"In light of the story about Serena Williams on admitting her compulsive online shopping habit, it is important that we recognize the addictive power of the Internet," according to Dr. Kimberly Young, a clinical psychologist and director of the Center for On-Line Addiction.
"High profile individuals such as Serena are drawn to the anonymity that cyberspace affords. From community leaders to celebrities, these are individuals whose anonymity has been taken away due to their local or national status. They constantly feel exposed and powerless to gain their privacy back," explains Dr. Young, author of Caught in the Net, the first recovery book for Internet addiction. "The Internet becomes the one place in the world where they can go without being recognized, placing those in the public spotlight at greater risk to develop an unhealthy habit towards the Internet. Having privacy again is intoxicating, even if it is only virtual. In Serena’s case, she wore wigs to disguise her identity while shopping, when that failed, she turned to the Internet which became out of control."
Research studies by social scientists have long studied the impact of anonymity on human behavior. Findings show that most individuals are less inhibited and more risk taking if they lacked accountability for their actions. According to a recent survey conducted at the Center for On-Line Addiction, 83% of their clients reported anonymity as the single most important reason for why they initially got hooked on the Internet. "Anonymity is so empowering that we have seen people from all walks of life engage in acts that they otherwise would not have such as view pornography, make up online personas in chat rooms, gamble, play violent games, and even bid on eBay," adds Young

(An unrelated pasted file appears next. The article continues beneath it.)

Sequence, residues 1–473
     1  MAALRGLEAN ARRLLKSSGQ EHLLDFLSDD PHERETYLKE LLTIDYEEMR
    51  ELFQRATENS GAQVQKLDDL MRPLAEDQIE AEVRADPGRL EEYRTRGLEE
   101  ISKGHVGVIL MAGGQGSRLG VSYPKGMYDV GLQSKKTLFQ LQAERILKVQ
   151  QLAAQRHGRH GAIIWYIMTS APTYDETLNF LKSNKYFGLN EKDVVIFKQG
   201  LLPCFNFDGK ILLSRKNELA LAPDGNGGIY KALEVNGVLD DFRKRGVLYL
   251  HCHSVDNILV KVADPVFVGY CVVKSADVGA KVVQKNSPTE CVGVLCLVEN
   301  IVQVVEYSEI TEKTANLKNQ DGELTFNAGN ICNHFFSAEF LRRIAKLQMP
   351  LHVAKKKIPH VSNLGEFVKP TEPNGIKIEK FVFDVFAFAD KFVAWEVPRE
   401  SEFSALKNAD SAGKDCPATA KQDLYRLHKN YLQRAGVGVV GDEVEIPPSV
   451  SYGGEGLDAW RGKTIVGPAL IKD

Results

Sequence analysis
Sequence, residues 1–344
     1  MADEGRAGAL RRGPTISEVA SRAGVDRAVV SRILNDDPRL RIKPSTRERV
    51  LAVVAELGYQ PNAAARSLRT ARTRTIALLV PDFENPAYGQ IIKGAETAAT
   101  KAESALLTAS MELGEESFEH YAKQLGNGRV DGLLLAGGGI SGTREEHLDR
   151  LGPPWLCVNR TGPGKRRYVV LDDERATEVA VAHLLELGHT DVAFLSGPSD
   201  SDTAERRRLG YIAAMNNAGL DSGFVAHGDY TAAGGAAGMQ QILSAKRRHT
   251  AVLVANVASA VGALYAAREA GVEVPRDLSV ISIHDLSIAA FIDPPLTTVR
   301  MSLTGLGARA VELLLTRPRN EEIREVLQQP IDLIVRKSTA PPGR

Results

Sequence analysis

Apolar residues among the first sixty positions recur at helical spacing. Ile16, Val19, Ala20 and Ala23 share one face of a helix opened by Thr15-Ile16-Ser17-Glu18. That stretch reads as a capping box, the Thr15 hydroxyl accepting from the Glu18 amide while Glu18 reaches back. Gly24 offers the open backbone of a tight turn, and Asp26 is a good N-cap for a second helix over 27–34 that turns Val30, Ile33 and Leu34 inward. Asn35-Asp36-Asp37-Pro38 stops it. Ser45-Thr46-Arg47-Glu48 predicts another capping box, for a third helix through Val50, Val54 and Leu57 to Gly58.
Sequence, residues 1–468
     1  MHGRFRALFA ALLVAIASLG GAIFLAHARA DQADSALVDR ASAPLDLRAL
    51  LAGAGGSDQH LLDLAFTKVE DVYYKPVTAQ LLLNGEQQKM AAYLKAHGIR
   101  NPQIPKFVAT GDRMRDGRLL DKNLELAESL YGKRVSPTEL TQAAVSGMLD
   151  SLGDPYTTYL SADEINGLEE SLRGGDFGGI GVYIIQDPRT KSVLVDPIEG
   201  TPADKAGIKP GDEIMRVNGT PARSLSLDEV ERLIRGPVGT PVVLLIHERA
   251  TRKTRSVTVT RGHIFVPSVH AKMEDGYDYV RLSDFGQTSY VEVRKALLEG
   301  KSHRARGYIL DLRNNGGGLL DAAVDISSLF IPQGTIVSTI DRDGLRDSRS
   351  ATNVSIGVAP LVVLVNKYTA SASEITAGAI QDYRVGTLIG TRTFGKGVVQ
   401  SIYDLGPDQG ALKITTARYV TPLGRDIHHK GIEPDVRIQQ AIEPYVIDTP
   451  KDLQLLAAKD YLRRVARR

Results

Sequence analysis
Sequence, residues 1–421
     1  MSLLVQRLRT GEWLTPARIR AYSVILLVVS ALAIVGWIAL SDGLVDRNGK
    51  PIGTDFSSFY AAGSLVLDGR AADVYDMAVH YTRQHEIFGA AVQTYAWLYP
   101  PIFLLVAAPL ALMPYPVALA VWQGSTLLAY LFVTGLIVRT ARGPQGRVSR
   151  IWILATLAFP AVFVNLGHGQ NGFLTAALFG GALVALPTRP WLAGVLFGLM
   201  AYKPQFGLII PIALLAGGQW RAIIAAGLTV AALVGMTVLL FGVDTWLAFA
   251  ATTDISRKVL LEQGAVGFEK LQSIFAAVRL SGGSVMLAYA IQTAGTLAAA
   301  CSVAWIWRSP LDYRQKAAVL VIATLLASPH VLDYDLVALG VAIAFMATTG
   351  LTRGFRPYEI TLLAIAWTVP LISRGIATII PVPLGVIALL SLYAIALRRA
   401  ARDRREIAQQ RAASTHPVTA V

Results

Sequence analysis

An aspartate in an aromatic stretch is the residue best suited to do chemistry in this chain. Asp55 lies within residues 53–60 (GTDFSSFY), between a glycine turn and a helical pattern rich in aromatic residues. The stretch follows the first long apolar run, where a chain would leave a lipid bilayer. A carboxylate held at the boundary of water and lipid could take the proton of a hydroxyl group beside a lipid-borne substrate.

According to the latest figures, more than 120 million Americans are online and a recent survey found that therapists across the country are seeing a steady rise in the number of cases related to cyber-triggered problems. Young warns,
"Instant access is available to the masses as more consumers surf the Internet, so we are only seeing the tip of the iceberg in terms of a nation wide mental health trend that will need more and more clinical attention in the future. And for celebrities and public figures, addiction problems will easily worsen because they are more afraid to seek help because of the impact it will have on their careers and images."The Center for On-Line Addiction